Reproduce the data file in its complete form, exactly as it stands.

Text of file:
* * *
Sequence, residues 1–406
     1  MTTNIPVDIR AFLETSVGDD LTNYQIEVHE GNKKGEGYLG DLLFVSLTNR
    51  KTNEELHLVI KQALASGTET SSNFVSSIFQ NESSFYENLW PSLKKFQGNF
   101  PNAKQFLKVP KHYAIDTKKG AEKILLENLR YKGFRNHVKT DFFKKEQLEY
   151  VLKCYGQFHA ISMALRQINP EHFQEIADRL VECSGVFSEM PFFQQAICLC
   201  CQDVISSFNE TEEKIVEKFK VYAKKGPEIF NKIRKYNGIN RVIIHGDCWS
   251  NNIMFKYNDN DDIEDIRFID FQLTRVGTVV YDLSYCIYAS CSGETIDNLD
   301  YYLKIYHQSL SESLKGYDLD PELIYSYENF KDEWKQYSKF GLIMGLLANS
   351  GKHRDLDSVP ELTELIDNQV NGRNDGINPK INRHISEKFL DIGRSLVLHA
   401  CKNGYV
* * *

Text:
Sequence, residues 1–406
     1  MTTNIPVDIR AFLETSVGDD LTNYQIEVHE GNKKGEGYLG DLLFVSLTNR
    51  KTNEELHLVI KQALASGTET SSNFVSSIFQ NESSFYENLW PSLKKFQGNF
   101  PNAKQFLKVP KHYAIDTKKG AEKILLENLR YKGFRNHVKT DFFKKEQLEY
   151  VLKCYGQFHA ISMALRQINP EHFQEIADRL VECSGVFSEM PFFQQAICLC
   201  CQDVISSFNE TEEKIVEKFK VYAKKGPEIF NKIRKYNGIN RVIIHGDCWS
   251  NNIMFKYNDN DDIEDIRFID FQLTRVGTVV YDLSYCIYAS CSGETIDNLD
   301  YYLKIYHQSL SESLKGYDLD PELIYSYENF KDEWKQYSKF GLIMGLLANS
   351  GKHRDLDSVP ELTELIDNQV NGRNDGINPK INRHISEKFL DIGRSLVLHA
   401  CKNGYV